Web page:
“The best bite happens in the morning, up to around 10 a.m., so you have to get them out fishing early to catch them,” Dannemueller said, “Crappie will be located more on the top of these target areas, then move to the bottom as the day goes on.”

When fishing brush piles, Dannemueller will have them use Bobby Garland 2-inch Hyper Grubs rigged on a 1/24-ounce Crappie Pro Mo’ Glo Jighead or a Road Runner underspin jighead.

Targeting the brush pile, he will have them cast past it and bring the lure over the top to catch suspended fish early in the morning or tick the brush top later as the crappie move down into the brush. The best bite will be on the shady side of the brush pile.

Industry Expertise

granddaughter's first crappiegranddaughter's first crappie
Oklahoma’s Kevin DeLong and granddaughter Estella, with her first crappie.


Lifelong angler and Bobby Garland Crappie Baits brand manager Gary Dollahon has a history of teaching kids to fish, as a result of his own passion for the sport. While many beneficiaries of his knowledge and patience have been family, friends and neighbors, it’s been his four-decade career in the fishing industry that has put him in front of literally “a few thousand” others for his sharing of how, when and where to enjoy the fun of fishing.

“First and foremost is to make the outing fun, “Dollahon said.  “While ‘catching’ helps with that, realize catching is not the most critical part of the experience in the end for you or them. Youth love being around water, so you always have that in your favor. Often there are minnows, birds and turtles to see. Point them out. And involve the young ones in every part of the experience, from carrying the tackle box, picking out baits to use and getting the hook into the water.”

Dollahon noted that when catches do happen, to make the most of each, regardless of species or size. Catching one also allows for teaching a youth how to handle a fish. However, some kids are not going to want to touch a fish, and that’s okay.

“When you do catch a fish, explain why you’re either keeping or releasing it, including laws, common sense or simply being the right thing to do,” Dollahon said.

Summer Appraoch

Lee Pitts and child with crappieLee Pitts and child with crappie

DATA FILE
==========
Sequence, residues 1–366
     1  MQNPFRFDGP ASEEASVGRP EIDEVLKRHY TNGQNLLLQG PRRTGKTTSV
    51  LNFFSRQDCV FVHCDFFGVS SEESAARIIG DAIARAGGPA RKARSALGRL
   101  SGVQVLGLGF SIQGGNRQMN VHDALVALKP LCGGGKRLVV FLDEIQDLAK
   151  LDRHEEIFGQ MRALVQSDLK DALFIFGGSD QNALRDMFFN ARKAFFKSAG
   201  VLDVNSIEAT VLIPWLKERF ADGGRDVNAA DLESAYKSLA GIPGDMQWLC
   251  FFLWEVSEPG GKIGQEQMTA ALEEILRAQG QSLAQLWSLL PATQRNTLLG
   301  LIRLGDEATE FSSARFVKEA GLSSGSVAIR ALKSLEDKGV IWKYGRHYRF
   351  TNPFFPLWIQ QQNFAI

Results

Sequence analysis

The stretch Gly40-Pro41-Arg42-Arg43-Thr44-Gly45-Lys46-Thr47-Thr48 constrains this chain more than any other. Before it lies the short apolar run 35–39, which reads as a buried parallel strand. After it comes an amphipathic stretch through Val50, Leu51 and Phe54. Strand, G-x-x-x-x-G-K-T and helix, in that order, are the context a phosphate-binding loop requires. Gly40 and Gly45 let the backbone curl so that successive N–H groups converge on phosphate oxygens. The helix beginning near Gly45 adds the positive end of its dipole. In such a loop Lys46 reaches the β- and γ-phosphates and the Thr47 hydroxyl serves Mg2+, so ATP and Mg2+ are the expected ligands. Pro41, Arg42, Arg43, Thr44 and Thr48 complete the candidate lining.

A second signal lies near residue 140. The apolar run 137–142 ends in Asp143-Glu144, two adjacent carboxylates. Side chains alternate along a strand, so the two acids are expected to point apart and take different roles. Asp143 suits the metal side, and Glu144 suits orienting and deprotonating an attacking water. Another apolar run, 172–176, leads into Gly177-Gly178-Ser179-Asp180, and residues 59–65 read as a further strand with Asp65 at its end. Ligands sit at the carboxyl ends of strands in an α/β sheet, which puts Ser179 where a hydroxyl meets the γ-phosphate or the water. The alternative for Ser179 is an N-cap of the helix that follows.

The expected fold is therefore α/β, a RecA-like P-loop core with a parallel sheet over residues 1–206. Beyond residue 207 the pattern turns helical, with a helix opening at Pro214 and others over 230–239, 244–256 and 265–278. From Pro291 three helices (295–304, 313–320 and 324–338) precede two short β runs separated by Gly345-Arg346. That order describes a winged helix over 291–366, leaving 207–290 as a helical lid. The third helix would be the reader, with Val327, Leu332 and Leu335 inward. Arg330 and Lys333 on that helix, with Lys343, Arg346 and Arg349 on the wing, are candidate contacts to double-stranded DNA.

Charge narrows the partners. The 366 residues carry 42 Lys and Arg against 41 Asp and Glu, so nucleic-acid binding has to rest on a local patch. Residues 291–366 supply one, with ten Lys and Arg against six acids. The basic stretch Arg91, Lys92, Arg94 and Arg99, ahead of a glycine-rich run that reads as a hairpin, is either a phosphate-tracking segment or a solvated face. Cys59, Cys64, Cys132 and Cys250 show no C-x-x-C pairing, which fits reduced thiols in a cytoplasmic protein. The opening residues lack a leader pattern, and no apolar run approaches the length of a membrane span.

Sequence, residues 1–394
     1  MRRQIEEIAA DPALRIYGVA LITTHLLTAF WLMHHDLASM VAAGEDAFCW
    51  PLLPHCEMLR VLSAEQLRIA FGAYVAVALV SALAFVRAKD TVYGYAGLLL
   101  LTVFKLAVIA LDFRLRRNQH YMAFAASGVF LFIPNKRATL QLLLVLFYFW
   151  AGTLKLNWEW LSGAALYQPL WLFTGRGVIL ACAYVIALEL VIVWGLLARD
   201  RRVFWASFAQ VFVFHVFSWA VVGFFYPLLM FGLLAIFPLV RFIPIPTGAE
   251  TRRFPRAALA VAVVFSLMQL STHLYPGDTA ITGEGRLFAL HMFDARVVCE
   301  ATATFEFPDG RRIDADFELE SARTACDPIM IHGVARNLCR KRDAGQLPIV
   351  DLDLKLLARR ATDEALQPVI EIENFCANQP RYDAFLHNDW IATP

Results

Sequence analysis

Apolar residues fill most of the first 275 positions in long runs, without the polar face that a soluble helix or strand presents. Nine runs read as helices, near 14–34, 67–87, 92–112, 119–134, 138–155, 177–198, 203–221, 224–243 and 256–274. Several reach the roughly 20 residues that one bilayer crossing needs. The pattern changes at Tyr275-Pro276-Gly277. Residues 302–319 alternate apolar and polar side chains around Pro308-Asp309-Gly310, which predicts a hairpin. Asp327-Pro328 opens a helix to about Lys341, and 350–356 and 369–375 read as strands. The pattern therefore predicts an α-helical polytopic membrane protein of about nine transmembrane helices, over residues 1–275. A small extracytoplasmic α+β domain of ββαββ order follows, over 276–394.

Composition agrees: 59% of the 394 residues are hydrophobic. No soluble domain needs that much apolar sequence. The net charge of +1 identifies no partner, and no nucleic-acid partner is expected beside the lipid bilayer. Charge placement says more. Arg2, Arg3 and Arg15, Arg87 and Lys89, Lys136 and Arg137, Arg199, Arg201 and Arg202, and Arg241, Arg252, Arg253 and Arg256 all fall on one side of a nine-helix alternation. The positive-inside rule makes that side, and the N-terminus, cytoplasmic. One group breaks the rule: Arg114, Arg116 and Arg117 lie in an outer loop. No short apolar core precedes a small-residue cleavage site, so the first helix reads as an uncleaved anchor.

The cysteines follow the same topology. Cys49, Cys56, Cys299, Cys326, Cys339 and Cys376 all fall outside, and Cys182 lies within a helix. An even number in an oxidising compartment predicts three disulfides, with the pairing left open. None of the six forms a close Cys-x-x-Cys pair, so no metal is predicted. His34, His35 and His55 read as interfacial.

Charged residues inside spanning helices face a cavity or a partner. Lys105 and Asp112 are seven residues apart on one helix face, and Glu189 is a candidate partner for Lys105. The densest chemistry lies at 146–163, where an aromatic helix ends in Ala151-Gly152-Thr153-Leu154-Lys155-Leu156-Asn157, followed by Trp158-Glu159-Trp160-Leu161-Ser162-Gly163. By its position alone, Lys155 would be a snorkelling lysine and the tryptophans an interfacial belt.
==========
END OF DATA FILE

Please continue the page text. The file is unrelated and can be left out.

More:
Crappie guide Lee Pitts and a happy young angler.


“For kids’ first fishing lessons during a crappie outing, I’m going to suggest summer as the period to target and keep the approach simple. The species can be fished for from the bank, from docks, boats, and with a little homework can be accessed without having to move around to a lot of different spots. Weather is usually somewhat predictable, according to forecasts, and cooling off with a dip, where allowed, can be refreshing,” Dollahon said.

For bait choices, Dollahon acknowledged the virtue of using live minnows, but warned minnows are difficult to keep alive during the summer. The option he prefers is soft plastic lures with a lively tail like Bobby Garland Baby Shad, Swimming Minnow or Hyper Grub. All have tails that provide good fish-attracting action, whatever the technique used.

As for color selection he will limit it to just the most popular colors, including Monkey Milk, Blue Ice, Electric Chicken, Lights Out and Bluegrass, as they can effectively catch crappie in any water clarity. He will rig baits on a 1/16-ounce jighead with a weighted or unweighted bobber, depending on how he wants to present the lure.

Dollahon suggested hiring a crappie fishing guide with a big boat or even a pontoon. A good crappie guide will put you on fish quickly and keep the action going; in addition to knowing what baits and presentations the crappie are biting.

Mentors & More

  • My grandmother was the fisherman, and she taught me how to fish. We grew up bank fishing with long cane poles, bobbers and live bait. From grandma, I learned about shade and where to cast my lure. – Dan Dannenmueller
  • My Dad would take me, but so did our family doctor, whose office was across the street when I was younger (probably in between stitching my wounds or incisions!) I remember getting to fish in a private farm pond with him, and while he was sitting fishing, I would be running around casting. Both must have had the patience of Job! – Brad Wiegmann
  • The one rule to remember anytime when taking a kid fishing is to make it fun. If you are successful doing that, you’ll leave with memories to last a lifetime and have a fishing buddy forever. – Gary Dollahon
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Brad Wiegmann photo